I am a brand new mountain bike
My owner’s pride and joy.
I’ve chunky tyres and umpteen gears,
I am his favourite toy.
I’m bright and clean and shiny,
My owner’s joy and pride,
And every weekend without fail
He takes me for a ride.
He loads me on his Volvo,
Drives forty miles and then
He lifts me down and rides two miles
Then drives back home again.
There’s one thing kinda puzzles me,
The trails we ride are flat
I’ve never even seen a hill.
A mountain? What is that?
I love maps.
New maps, old maps, small maps, bold maps
Maps of our village, maps of the world
Unfurling, revealing, uncurled.
I compare yesteryear’s maps with today’s;
See how places change, settlements grow,
Towns spread or forests shrink.
Thinking what was here – just here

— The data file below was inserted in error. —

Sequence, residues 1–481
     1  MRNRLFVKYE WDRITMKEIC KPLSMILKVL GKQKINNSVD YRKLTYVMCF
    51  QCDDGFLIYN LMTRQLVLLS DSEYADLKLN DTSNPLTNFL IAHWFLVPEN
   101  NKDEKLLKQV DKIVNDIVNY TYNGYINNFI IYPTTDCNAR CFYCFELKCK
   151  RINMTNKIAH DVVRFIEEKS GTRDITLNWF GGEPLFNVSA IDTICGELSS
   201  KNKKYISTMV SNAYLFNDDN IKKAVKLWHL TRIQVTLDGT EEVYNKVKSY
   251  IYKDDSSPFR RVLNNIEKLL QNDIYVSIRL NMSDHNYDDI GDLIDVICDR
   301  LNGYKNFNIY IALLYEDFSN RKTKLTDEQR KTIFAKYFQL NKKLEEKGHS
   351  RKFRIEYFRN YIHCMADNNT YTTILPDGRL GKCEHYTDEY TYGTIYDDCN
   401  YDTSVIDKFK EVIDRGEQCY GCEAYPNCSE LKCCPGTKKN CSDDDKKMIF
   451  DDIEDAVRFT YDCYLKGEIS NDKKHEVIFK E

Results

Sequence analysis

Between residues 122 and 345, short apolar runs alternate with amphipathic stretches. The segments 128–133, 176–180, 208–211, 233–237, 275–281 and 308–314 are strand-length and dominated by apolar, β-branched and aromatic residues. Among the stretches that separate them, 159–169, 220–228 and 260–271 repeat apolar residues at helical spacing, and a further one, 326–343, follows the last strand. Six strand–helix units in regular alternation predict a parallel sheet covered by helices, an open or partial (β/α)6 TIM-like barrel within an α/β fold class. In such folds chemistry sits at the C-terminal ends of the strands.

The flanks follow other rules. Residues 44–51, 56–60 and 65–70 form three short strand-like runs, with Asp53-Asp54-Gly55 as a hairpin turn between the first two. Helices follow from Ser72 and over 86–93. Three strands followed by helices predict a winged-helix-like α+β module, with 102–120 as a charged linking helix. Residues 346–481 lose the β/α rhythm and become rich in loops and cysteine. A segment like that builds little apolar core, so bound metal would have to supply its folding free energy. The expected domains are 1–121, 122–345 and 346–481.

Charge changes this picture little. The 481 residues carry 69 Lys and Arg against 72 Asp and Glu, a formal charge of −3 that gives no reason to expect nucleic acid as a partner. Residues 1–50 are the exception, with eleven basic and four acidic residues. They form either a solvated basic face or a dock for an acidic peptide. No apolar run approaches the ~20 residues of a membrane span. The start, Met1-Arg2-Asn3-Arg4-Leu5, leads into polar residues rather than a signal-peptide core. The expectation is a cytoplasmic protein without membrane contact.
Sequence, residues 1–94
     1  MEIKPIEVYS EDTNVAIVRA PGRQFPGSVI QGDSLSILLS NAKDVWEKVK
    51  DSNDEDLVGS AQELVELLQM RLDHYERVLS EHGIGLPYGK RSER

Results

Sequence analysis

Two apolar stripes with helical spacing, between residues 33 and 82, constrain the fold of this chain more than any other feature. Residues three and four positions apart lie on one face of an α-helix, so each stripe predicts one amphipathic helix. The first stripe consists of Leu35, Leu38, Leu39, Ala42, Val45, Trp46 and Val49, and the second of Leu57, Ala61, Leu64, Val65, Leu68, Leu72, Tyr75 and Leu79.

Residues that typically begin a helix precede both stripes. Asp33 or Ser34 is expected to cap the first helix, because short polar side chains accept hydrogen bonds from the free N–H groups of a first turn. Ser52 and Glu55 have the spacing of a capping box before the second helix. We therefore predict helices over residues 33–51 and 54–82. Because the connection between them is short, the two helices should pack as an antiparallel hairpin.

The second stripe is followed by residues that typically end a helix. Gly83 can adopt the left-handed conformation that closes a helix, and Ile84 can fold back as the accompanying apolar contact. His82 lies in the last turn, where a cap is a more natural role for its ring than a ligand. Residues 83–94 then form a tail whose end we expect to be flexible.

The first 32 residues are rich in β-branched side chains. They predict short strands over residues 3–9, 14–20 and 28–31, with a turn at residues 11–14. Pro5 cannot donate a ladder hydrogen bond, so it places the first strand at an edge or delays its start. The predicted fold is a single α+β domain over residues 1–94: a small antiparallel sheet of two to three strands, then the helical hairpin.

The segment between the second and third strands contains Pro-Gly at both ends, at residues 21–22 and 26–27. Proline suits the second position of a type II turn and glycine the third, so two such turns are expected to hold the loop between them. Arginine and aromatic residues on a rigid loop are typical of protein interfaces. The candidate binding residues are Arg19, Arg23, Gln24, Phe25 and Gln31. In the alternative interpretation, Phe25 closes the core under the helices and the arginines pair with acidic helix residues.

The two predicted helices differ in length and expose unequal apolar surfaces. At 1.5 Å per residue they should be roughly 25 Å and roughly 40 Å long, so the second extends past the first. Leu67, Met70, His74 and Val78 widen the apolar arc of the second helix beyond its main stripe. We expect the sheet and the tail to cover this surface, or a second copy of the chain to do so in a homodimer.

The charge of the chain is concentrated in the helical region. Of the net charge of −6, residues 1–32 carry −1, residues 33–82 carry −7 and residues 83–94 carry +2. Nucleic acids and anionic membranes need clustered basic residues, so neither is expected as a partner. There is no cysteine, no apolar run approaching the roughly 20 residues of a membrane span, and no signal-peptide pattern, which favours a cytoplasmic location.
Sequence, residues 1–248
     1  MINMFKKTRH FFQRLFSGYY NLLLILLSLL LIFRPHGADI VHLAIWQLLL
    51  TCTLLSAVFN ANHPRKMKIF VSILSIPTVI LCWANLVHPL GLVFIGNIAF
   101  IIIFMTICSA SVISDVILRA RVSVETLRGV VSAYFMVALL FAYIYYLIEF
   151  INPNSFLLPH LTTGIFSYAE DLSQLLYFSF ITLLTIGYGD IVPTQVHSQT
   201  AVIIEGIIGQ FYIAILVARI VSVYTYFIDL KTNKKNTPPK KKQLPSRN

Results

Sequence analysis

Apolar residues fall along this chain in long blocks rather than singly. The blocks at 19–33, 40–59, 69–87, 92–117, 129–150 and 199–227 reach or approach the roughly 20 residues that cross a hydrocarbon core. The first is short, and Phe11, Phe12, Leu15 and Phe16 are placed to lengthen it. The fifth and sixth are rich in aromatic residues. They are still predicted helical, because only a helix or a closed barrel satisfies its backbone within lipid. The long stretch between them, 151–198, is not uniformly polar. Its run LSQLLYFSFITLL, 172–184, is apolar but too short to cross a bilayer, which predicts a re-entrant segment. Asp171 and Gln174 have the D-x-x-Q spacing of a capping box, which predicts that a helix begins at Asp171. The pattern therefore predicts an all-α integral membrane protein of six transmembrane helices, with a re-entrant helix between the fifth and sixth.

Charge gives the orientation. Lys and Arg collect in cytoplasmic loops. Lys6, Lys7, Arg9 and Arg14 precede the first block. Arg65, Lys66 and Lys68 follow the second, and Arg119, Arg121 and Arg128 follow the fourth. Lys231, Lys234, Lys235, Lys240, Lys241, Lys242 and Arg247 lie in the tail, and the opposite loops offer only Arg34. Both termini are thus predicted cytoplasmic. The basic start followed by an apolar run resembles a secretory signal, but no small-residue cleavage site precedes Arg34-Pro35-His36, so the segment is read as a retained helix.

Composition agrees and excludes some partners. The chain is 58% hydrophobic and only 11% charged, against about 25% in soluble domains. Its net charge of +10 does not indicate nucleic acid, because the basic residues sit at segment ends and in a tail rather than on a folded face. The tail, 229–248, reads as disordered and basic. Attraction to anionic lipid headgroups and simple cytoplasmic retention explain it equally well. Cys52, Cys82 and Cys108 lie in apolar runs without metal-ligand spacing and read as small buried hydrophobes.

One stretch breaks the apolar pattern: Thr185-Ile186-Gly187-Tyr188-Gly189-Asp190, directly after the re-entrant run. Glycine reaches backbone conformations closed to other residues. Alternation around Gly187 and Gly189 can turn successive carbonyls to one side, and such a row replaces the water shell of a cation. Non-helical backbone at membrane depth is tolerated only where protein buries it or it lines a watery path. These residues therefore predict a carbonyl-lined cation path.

In nineteen hundred? In nineteen twenty?
Gives me plenty to think about.
I like to stay with maps, could play with maps all day
Finding not just the way from A
By the quickest, shortest, prettiest route to B,
Avoiding the Motorway, the main road, the unsurfaced county lane
The hills, the one-way streets or any of the hundred differences
That can form a basis for choice.
Maps to me are things to treasure
Sources of unending pleasure
Adding extra depth and colour to what I see
What’s at my feet, in front of me.
But you don’t agree, you ask
“Whatever happened to the SatNav?”
And you scrabble in the glove box
Reaching for the reassuring disembodied voice
“In one hundred yards, turn right.”
In the absence of a SatNav you are lost.
Some people can read music.
Some can read maps,
Deciphering the hieroglyphs that mean nothing to you.
You prefer to read your stories and poems.
The Atlas – a closed book to you.